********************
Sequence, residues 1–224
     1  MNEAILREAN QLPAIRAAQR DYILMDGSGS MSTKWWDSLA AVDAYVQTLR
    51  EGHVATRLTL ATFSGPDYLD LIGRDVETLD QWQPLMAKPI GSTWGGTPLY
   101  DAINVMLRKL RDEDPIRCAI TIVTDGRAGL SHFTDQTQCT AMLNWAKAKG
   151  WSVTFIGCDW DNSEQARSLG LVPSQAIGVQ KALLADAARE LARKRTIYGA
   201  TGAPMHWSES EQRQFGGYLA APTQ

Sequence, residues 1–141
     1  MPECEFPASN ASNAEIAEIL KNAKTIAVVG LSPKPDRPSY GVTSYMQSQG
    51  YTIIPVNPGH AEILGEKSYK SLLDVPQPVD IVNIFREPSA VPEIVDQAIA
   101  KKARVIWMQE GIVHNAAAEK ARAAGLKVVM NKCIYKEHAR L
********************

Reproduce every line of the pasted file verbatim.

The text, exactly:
Sequence, residues 1–224
     1  MNEAILREAN QLPAIRAAQR DYILMDGSGS MSTKWWDSLA AVDAYVQTLR
    51  EGHVATRLTL ATFSGPDYLD LIGRDVETLD QWQPLMAKPI GSTWGGTPLY
   101  DAINVMLRKL RDEDPIRCAI TIVTDGRAGL SHFTDQTQCT AMLNWAKAKG
   151  WSVTFIGCDW DNSEQARSLG LVPSQAIGVQ KALLADAARE LARKRTIYGA
   201  TGAPMHWSES EQRQFGGYLA APTQ

Sequence, residues 1–141
     1  MPECEFPASN ASNAEIAEIL KNAKTIAVVG LSPKPDRPSY GVTSYMQSQG
    51  YTIIPVNPGH AEILGEKSYK SLLDVPQPVD IVNIFREPSA VPEIVDQAIA
   101  KKARVIWMQE GIVHNAAAEK ARAAGLKVVM NKCIYKEHAR L